6. Customizing procedures : A good Data Scientist will be an expert in customizing methods and procedures, but also creating new ones. This is one of the most advanced aspects of a Data Scientist. It requires problem solving, logic, mathematical, statistical, programming and industry level knowledge.

7. Strong theoretical Mathematical/Statistical basis :A strong Mathematical basis enables most of the things i mentioned before. Having mathematical logic enables resolving complex problems quickly which is essential in this area. Statistical theories play a key role in transferring from Mathematics to applicable solutions. Knowing how to code these theories with ease is another aspect of and advanced Statistical Programmer, but also knowing that not every aspect of a theory can be applied in practice. Choosing the right combination of theoretical and practical aspects is the key.

8. Ability to read mathematical equations efficiently and implement them in a programming language without stacking : Mathematical expressions can be complex and advanced data scientist knows how to program them in a way that does not cause stacking on a moderate computer configuration. This is one of the key aspects in algorithm efficiency.

9. Being able to efficiently deploy the algorithm outputs/models in the beta version: Deployment is a final phase of a Statistical Programming/Data science structure and is vital in terms of functionality of most Data driven products. Making smooth workflow pipelines is a key in this segment and when advanced Data Science products are in question, beta solutions should be as close as possible to the real solution.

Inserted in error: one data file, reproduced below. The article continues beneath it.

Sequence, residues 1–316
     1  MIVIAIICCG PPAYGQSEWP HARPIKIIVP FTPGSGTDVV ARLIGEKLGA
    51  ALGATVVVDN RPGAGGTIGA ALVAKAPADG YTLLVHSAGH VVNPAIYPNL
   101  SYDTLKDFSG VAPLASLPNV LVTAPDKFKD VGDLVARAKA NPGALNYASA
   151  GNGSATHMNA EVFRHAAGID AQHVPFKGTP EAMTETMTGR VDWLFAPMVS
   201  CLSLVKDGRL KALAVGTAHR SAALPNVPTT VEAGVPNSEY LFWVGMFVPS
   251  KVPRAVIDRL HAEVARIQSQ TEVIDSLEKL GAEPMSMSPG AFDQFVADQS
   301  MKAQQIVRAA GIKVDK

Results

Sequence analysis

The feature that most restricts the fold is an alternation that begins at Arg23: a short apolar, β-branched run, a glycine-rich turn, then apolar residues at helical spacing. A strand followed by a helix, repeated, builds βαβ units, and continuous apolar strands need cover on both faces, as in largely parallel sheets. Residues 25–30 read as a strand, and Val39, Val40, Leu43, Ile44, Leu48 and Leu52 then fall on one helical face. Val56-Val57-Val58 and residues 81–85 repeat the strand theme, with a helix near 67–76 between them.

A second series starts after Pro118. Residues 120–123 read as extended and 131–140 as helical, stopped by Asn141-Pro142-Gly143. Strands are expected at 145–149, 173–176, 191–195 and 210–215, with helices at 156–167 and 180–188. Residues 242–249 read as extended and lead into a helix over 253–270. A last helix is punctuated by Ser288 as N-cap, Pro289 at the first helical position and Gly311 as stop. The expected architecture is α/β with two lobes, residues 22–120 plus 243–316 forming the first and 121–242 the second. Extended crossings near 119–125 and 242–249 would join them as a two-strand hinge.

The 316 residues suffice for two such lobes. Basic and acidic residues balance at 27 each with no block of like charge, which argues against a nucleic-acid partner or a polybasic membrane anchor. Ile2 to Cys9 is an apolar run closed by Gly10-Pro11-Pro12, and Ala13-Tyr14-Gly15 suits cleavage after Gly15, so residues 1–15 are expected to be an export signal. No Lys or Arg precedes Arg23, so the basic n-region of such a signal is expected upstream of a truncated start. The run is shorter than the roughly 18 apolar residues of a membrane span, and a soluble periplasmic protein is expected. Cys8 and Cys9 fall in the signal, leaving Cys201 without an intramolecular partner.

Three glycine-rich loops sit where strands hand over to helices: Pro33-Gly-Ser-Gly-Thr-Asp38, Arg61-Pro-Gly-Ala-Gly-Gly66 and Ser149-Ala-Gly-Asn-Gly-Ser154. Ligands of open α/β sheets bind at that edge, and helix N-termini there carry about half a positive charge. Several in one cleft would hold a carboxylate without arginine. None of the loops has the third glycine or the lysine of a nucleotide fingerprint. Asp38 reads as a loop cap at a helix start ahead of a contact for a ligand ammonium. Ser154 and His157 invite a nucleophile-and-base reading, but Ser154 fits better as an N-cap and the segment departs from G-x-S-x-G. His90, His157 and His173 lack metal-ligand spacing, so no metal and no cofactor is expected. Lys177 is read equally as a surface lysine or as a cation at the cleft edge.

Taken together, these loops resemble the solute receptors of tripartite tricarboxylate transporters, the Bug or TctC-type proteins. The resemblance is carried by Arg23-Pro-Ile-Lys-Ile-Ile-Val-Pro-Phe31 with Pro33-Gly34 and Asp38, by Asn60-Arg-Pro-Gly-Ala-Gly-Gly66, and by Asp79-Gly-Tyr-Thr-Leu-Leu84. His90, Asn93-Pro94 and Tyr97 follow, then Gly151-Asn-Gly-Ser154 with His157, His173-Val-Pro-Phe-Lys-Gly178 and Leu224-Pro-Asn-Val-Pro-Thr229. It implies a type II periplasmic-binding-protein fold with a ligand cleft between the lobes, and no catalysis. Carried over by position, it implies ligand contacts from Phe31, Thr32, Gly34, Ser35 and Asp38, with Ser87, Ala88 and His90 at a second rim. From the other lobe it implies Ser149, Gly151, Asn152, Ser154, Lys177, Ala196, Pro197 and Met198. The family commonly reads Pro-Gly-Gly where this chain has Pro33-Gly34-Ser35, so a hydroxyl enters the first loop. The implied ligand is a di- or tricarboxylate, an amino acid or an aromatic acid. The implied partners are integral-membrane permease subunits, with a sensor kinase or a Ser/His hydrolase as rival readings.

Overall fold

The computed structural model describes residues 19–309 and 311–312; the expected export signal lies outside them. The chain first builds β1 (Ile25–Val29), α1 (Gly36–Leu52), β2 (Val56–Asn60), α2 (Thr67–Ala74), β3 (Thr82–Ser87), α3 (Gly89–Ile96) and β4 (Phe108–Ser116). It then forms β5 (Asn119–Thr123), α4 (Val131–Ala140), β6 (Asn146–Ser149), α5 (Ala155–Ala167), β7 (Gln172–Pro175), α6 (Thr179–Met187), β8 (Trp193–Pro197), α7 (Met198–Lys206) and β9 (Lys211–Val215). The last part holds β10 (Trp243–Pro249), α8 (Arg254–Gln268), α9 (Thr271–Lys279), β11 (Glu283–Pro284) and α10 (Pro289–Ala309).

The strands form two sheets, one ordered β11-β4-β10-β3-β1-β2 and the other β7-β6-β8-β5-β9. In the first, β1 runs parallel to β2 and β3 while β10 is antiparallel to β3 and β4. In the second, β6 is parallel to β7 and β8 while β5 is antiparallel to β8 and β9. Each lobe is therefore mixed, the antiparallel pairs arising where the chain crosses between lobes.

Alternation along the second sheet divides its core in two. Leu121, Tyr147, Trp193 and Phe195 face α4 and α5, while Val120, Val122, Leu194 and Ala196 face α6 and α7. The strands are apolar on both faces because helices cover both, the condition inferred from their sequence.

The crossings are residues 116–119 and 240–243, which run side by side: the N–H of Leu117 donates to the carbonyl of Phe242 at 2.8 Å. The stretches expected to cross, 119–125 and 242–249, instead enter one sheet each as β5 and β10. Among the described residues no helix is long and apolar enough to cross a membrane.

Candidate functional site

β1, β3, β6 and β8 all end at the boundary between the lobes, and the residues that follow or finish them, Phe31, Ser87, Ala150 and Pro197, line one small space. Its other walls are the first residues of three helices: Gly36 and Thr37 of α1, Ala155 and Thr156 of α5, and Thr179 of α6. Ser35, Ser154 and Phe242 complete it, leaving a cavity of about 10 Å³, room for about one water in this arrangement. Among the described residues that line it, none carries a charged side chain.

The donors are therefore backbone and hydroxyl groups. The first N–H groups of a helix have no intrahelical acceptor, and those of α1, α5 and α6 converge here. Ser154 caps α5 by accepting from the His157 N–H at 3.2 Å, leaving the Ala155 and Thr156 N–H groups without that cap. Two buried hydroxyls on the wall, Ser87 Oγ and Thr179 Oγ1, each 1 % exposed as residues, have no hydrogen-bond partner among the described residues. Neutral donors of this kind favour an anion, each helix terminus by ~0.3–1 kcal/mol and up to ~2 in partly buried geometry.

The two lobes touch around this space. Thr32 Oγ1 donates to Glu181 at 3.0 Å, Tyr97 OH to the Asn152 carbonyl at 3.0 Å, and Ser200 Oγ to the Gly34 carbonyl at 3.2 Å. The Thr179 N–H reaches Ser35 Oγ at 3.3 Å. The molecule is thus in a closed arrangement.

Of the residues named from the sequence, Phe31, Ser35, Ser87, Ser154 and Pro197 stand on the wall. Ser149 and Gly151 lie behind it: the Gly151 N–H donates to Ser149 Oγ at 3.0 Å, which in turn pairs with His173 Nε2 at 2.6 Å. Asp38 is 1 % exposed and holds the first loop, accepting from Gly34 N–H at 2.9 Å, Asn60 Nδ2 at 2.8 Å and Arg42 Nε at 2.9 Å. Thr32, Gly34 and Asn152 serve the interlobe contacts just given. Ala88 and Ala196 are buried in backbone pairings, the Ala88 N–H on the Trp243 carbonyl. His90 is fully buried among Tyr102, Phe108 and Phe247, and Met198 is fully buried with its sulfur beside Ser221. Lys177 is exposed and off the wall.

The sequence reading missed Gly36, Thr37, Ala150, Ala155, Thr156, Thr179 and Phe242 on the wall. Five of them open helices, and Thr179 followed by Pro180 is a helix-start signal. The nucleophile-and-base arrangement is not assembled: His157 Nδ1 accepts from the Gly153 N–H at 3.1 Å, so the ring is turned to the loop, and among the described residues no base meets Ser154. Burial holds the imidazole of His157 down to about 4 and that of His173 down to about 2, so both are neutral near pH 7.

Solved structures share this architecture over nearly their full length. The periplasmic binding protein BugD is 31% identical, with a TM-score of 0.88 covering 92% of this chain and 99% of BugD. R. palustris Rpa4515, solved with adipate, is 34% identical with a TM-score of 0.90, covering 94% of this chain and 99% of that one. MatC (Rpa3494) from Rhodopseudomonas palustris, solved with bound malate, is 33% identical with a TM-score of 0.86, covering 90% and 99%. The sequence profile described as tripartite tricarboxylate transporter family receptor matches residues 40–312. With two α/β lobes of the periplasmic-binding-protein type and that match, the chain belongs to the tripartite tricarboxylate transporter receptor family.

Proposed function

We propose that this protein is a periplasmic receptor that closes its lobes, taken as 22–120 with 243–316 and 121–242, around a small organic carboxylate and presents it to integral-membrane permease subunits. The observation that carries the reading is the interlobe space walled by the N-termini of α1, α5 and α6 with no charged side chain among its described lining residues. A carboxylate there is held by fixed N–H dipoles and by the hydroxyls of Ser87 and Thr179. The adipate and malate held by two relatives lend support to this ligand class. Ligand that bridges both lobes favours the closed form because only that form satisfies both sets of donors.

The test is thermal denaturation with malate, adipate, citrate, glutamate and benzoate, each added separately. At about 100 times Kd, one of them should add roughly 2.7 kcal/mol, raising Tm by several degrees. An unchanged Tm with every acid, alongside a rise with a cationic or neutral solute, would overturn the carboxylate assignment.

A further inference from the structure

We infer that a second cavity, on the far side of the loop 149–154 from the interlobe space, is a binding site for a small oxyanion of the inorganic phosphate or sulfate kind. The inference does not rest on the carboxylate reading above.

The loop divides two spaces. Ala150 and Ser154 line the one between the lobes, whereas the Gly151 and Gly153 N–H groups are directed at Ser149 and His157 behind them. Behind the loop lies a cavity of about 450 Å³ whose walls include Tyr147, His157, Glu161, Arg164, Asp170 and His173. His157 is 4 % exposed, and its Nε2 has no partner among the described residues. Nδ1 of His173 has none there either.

10. Last but not least: Industry knowledge, adaptability -An advanced Data Scientist or a Statistical Programmer should be able to understand the problem that is to be resolved. It is not expected to be top level technical knowledge, but any advanced real world solution will require being flexible enough to understand both the industry relevant and technical details. This transfer from Math/Statistics/Programming/Data Science and Real world problem is a key channel in the whole story and must work perfectly in order for customized Statistical product or Data science algorithm to work well in real world settings and situations. This last part comes with experience and being able to understand something that is not naturally within the scope of Data Science or Statistics is the key here.

Analytics presented in article were performed by Darko Medin using ‘ComplexHeatmap’ and ‘brms’ packages, R programming language.

References to the packages and Programming language:

1.Gu, Z. Complex heatmaps reveal patterns and correlations in multidimensional
genomic data. Bioinformatics 2016.

2. Bürkner P (2017). “brms: An R Package for Bayesian Multilevel Models Using Stan.” Journal of Statistical Software, 80(1), 1–28

3. R Core Team (2019). R: A language and environment for statistical
computing. R Foundation for Statistical Computing, Vienna, Austria.

Data Scientist and a Biostatistician